The Burmese Rock Python is the largest subspecies of the Indian Python, and one of the world’s largest snakes. Spanning an average of 4.5 meters in length (15 feet), these snakes are born to hunt and fend for themselves as soon as they hatch from their eggs.
Pythons are constrictors, meaning they do not have fangs. However, they have curved back teeth that allow them to trap their prey. When they feel it is time to eat, their jaws can open wide enough to swallow their prey whole, often a mammal up to 4-5 times as wide as their heads.
The Burmese Rock Python is pale tan, yellowish-brown, or grey in color, and will have reddish blotches outlined in cream or gold across their bodies. Unlike most snakes that only have one lung, the Burmese rock python has two, even though one is considerably smaller. They are longer and thinner than the anaconda, and as a result, have longer organs.
Though the Burmese Rock Python is found in many regions in Southeast Asia, their numbers are declining. They are listed as Vulnerable on the International Union for Conservation of Nature (IUCN) red list. They are often hunted for their skin or for the pet trade. In fact, they are considered an invasive species in Florida due in part to having been bred as pets.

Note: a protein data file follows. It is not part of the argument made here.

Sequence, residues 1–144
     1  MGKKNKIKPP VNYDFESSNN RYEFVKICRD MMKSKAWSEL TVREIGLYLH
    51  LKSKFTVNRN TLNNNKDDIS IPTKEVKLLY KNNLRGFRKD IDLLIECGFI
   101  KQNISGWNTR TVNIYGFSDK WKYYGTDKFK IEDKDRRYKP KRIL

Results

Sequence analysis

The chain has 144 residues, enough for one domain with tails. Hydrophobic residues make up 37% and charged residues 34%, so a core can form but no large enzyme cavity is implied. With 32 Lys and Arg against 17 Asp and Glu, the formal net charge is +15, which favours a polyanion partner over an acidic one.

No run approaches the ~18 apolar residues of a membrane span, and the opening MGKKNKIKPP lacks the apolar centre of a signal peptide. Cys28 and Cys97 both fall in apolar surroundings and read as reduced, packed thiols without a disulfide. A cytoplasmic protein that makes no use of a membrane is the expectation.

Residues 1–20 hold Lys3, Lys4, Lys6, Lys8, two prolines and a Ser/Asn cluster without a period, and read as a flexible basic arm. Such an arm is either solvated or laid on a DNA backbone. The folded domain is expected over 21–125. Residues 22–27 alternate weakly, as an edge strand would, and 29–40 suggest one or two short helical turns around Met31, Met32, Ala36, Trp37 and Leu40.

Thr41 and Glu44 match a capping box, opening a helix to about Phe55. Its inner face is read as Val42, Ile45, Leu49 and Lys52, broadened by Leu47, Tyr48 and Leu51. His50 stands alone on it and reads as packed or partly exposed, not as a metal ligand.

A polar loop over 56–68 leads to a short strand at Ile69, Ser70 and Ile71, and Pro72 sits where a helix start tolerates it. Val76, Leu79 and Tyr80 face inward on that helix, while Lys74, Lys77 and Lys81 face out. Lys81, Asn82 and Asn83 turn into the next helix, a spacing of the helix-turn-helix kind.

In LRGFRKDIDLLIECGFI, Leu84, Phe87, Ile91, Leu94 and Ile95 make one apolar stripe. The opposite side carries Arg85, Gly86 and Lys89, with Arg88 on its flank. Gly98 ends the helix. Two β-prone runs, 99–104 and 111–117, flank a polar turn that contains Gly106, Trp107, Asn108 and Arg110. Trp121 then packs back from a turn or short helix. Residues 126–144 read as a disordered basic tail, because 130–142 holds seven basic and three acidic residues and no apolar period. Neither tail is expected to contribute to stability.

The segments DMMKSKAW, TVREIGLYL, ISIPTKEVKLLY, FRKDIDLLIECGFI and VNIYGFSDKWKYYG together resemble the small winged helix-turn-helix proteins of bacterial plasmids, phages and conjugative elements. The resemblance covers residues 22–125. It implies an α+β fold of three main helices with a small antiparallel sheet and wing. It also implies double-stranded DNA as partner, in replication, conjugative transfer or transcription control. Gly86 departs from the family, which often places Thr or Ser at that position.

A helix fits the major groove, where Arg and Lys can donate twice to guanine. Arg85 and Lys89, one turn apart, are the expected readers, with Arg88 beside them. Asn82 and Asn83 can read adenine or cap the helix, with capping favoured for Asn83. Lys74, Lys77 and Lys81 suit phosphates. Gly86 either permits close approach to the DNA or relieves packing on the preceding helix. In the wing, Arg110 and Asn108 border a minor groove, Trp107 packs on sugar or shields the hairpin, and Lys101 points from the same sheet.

The Edmonton Valley Zoo is home to a Burmese rock python named Lucy.
CLICK THROUGH THE TABS BELOW TO LEARN MORE!
Burmese rock pythons are approximately 4.5 meters (15 feet) in length, but can exceed 6.7 meters (22 feet) in human care. Females are the larger of the sexes.
Southern China, Burma, Indonesia, Thailand, and the Malay Archipelago. They are mainly found in rainforests near streams and can survive in grasslands, swamps, marshes, and rocky foothills.
They eat any kind of mammals, birds, and reptiles of appropriate size, but Burmese rock pythons will not eat every day.
These snakes reach sexual maturity at age four or five. They breed in early spring and will often lay as many as 35 eggs. The females will coil around their eggs and incubate them until they hatch. Once an egg hatches, babies are on their own and must fend for themselves.
Approximately 30 years.
Habitat loss and over-harvesting. They are hunted for skin and the pet trade.